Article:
Building for Money or ‘How to Marry Rich Customers’
Copyright 2014 by Virgo Publishing.
By: Dan Curtis
Posted on: 09/01/2007



 

A friend of mind once founded a magazine for the women of Orange County, Calif., and enjoyed immediate attention and success by featuring a cover story titled, ”How to Marry a Rich Man.” Self-storage owners also like clientele who are well-to-do and have found new ways to attract them.

In the beginning, it was assumed the only way to draw storage customers was to keep costs low. Facilities were located in undesirable areas, used cheap construction, and very little attention was paid to how a site looked. Naturally, planning and zoning boards were less than enthusiastic when storage owners shopped for permission to build. That is no longer the case these days. Ugly is out and glamour is in.

But looking good isn’t the only thing that matters when attempting to attract the affluent—location also counts. Selfstorage must be built in the right neighborhoods. To get there, storage developers must gain approval from zoning boards, submitting plans that demonstrate their facilities will enhance and not detract from communities’ appeal. These designs must meet or exceed local architectural standards.

Finally, an attractive exterior must also be underpinned by unusually sturdy construction, top-notch security and environmental controls. This change in self-storage building philosophy has increased costs, but for the type of customer who can afford anything, nothing but the best will do.

Catering to the Well-Off

To attract the wealthy, first examine their habits. These folks are likely to travel frequently and often own homes in various locations. Because they are nomadic, they may prefer to live in upscale condominiums or elegant hotel residences rather than deal with the management of large estates. These domiciles have neither attics nor basements, so off-site storage is usually needed, particularly for their collections such as wine, fine art and firearms. Even when space is available, customers may choose to store their valuables away from home.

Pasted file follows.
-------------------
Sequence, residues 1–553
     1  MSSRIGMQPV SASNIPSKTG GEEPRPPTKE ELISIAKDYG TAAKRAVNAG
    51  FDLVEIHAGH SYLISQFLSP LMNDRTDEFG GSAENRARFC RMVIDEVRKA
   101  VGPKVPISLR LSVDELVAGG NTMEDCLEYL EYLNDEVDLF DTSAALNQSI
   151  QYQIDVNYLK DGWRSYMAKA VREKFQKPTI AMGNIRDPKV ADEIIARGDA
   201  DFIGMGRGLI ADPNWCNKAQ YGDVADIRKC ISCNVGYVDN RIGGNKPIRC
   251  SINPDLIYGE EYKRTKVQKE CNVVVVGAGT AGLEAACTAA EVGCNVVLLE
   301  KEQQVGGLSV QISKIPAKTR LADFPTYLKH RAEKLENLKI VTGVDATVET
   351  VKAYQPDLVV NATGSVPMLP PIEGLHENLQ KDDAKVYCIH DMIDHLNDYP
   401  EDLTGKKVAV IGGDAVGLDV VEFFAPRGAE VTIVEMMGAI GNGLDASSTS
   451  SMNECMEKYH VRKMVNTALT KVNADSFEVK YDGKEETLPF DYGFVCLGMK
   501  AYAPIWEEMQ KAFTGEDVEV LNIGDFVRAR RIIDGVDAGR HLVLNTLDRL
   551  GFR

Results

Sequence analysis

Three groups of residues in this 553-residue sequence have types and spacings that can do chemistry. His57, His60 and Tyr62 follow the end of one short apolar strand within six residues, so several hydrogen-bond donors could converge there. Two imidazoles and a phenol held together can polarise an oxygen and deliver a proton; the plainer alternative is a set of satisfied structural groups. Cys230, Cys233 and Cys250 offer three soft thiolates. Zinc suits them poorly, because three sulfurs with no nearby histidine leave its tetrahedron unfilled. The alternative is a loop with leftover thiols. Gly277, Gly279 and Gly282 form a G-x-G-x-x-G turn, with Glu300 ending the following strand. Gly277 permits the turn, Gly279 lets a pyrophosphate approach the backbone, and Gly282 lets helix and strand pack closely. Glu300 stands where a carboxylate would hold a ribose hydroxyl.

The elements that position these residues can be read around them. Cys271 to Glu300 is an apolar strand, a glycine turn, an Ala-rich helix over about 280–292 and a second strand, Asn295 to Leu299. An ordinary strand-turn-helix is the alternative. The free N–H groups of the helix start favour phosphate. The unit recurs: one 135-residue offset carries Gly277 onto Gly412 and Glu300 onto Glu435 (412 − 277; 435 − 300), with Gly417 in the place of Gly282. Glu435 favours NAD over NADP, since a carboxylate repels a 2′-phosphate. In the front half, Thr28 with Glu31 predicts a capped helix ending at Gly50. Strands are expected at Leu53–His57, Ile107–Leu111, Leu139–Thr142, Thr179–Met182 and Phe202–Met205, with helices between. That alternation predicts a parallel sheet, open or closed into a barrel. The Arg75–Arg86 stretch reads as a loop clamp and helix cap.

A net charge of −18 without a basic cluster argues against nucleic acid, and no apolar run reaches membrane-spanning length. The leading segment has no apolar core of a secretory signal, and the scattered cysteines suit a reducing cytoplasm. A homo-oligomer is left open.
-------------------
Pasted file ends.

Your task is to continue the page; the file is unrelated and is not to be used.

In addition to aesthetics, this means incorporating high security to protect customers’ possessions, many of which are kept as investments. Digital video recorders and motion detectors should be used to keep watch. In some facilities, biometrics may be used for unit access. Other options include private code names and numbers or multiple keys and entry points. Some tenants may be offered features such as private entrances and elevators.

Storage for valuables also requires precise physical conditions. Climate control is essential. Walls and ceilings must have superior insulation to keep units dust-free. Back-up generators and mechanical systems protect goods in the event of a power failure.

The added advantage to accommodating these special needs is customers will often choose to use the same site for their conventional storage.

Marketing Up

To market to this special group of customers, you must go where they are, again considering their habits. The affluent tend to gather at events such as fundraisers, art exhibits, wine-tastings, auctions and other functions that appeal to connoisseurs and collectors.

Recently, a group of Atlanta art lovers, supporters and collectors was invited to tour a new art exhibit and enjoy a gourmet lunch at a local museum. The host was a luxury hotel in the construction phase that planned to offer elegant residences within the property. As the event benefited the museum, it was a tax write-off. But for the hotel, it also functioned as an advertisement to its target market. It could just as easily have been hosted by an upscale self-storage facility.

Acting as a sponsor for fundraisers and similar events within a target community is a great way to garner publicity and be appreciated for charitable works. Buying memberships in support of museums, symphony orchestras or organizations that appeal to wealthy tastes provides additional opportunities to draw attention to your facility. You can also approach local travel agencies, asking permission to offer facility brochures promoting the idea of storing valuables while their customers are abroad.

Other Innovations

As our industry matures, owners attempt other ways to attract all kinds of tenants. Trends in self-storage construction are now full of innovations to improve the storage experience. Some services being built into modern facilities include:

Postal and retail services.